TRAVERSE CITY — Chlorinated solvents still linger underneath an East Front Street property decades after the dry cleaner there folded.
The land, at 401 E. Front St., backs right up to the Boardman River, and Downtown Development Authority CEO Jean Derenzy said the authority got a $400,000 grant from the state Department of Environment, Great Lakes and Energy, to clean it up. It ties in with the DDA’s focus on the lower Boardman River, and the authority board recently approved the grant agreement.
“When it comes to the environment and work on the lower Boardman, we are really looking at protecting that river and doing more than just ‘cap-and-cover,’ we really want to get to the environmental due diligence that will protect the river in perpetuity,” she said.
The cleanup stems from plans by property owner Bob Cornwell to renovate the former offices of the architecture firm he founded, then sold a few years back. He initially planned a three-story structure but bids showed the cost to be impractical.
“It’s been a great little property but it’s very tiny, and it’s very difficult to make the economics work on that small of a piece of property, so we’re trying to figure that financing out and make sense of it,” he said.
The site’s in an ideal spot otherwise, so Cornwell said he’s thinking of a two-story structure instead with residential on the second floor and either commercial or residential on the first — plans aren’t final, he said.
Mac McClelland is the brownfield redevelopment manager for Otwell Mawby, the environmental firm working on the cleanup. Historic documents show a dry cleaner at 403 and 405 E. Front St. from at least 1946 until the late 1950s.
Those two addresses appear to be part of the same parcel, McClelland said — Grand Traverse County parcel maps only show buildings at 401 and 415 E. Front St.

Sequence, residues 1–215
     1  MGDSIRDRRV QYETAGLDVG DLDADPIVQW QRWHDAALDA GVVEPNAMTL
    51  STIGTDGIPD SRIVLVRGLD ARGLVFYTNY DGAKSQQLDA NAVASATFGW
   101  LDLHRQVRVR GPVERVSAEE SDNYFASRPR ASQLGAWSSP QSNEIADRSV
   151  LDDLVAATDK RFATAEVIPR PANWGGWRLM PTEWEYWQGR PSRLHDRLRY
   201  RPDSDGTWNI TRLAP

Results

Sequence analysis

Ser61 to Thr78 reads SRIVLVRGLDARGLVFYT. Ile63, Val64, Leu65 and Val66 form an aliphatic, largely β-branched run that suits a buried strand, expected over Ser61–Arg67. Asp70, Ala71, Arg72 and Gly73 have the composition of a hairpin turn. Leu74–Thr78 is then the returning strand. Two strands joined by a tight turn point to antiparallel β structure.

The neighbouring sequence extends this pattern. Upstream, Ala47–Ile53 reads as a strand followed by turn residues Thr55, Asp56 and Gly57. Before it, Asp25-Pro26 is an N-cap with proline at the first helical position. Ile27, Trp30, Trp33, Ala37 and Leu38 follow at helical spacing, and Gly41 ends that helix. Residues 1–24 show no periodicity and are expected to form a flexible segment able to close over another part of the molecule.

Initial testing showed tetrachloroethylene in the soil, McClelland said. It’s a solvent once widely used by dry cleaners but no longer, and one found around numerous other businesses that used it.
The solvent, known as PCE, is also used to degrease metals in the aerospace industry, according to the Centers for Disease Control and Prevention. Long-term exposure to low levels can affect memory, mood, attention, reaction time and vision.
McClelland said there’s no imminent health risk at 401 E. Front St. Nor is there evidence that the solvent is getting into the Boardman River, but it eventually will if it hasn’t. Further testing will determine what’s happening at the site, and inform plans to clean it up.
EGLE just approved a work plan for the site and Otwell Mawby got authorization to proceed, so testing should start within the next month, McClelland said. The collected data will be used in a feasibility study for how to handle the contamination.
“So our hope is to have pretty good answers by next construction season of what we might be able to do,” he said.
That’ll likely involve partly filling in the building’s basement, Cornwell said. Its floor is more than a foot below water table levels that have surged as Lake Michigan hit record-level highs, so a sump pump in the building is running almost constantly, he said.
Derenzy, formerly Grand Traverse County Brownfield Redevelopment Authority’s deputy director, said the property was on EGLE’s radar as a site with historical contamination.
Cornwell’s father purchased the building in the mid-1960s and he in turn bought it from his father, he said. Now, he wants to take care of a problem he didn’t realize to be as bad as it is.
“So ... right now our priority is to get the contamination dealt with and then move forward once we know what that’s going to entail, and move forward with the design of the building,” he said.